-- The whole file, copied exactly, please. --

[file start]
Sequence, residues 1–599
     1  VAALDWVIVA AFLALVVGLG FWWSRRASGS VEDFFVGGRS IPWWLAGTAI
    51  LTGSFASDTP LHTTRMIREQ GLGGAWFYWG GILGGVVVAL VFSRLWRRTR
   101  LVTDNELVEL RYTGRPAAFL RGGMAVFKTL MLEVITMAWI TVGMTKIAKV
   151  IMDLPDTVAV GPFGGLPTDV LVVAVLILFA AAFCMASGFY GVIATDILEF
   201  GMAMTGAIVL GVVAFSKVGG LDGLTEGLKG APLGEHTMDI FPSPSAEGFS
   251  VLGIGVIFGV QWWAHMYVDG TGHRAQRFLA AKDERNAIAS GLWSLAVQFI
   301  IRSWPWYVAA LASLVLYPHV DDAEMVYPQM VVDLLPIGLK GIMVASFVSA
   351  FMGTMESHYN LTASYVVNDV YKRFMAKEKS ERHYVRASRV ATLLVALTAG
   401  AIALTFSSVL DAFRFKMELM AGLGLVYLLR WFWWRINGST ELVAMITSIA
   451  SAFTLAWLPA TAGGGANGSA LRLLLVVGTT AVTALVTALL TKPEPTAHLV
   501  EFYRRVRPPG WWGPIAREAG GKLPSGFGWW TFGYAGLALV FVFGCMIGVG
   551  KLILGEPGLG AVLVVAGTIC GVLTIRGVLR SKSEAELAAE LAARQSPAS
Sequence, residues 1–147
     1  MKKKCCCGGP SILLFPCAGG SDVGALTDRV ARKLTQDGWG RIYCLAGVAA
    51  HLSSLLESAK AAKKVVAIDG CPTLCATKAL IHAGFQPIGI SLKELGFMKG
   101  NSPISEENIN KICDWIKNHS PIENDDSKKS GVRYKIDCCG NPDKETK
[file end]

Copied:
Sequence, residues 1–599
     1  VAALDWVIVA AFLALVVGLG FWWSRRASGS VEDFFVGGRS IPWWLAGTAI
    51  LTGSFASDTP LHTTRMIREQ GLGGAWFYWG GILGGVVVAL VFSRLWRRTR
   101  LVTDNELVEL RYTGRPAAFL RGGMAVFKTL MLEVITMAWI TVGMTKIAKV
   151  IMDLPDTVAV GPFGGLPTDV LVVAVLILFA AAFCMASGFY GVIATDILEF
   201  GMAMTGAIVL GVVAFSKVGG LDGLTEGLKG APLGEHTMDI FPSPSAEGFS
   251  VLGIGVIFGV QWWAHMYVDG TGHRAQRFLA AKDERNAIAS GLWSLAVQFI
   301  IRSWPWYVAA LASLVLYPHV DDAEMVYPQM VVDLLPIGLK GIMVASFVSA
   351  FMGTMESHYN LTASYVVNDV YKRFMAKEKS ERHYVRASRV ATLLVALTAG
   401  AIALTFSSVL DAFRFKMELM AGLGLVYLLR WFWWRINGST ELVAMITSIA
   451  SAFTLAWLPA TAGGGANGSA LRLLLVVGTT AVTALVTALL TKPEPTAHLV
   501  EFYRRVRPPG WWGPIAREAG GKLPSGFGWW TFGYAGLALV FVFGCMIGVG
   551  KLILGEPGLG AVLVVAGTIC GVLTIRGVLR SKSEAELAAE LAARQSPAS
Sequence, residues 1–147
     1  MKKKCCCGGP SILLFPCAGG SDVGALTDRV ARKLTQDGWG RIYCLAGVAA
    51  HLSSLLESAK AAKKVVAIDG CPTLCATKAL IHAGFQPIGI SLKELGFMKG
   101  NSPISEENIN KICDWIKNHS PIENDDSKKS GVRYKIDCCG NPDKETK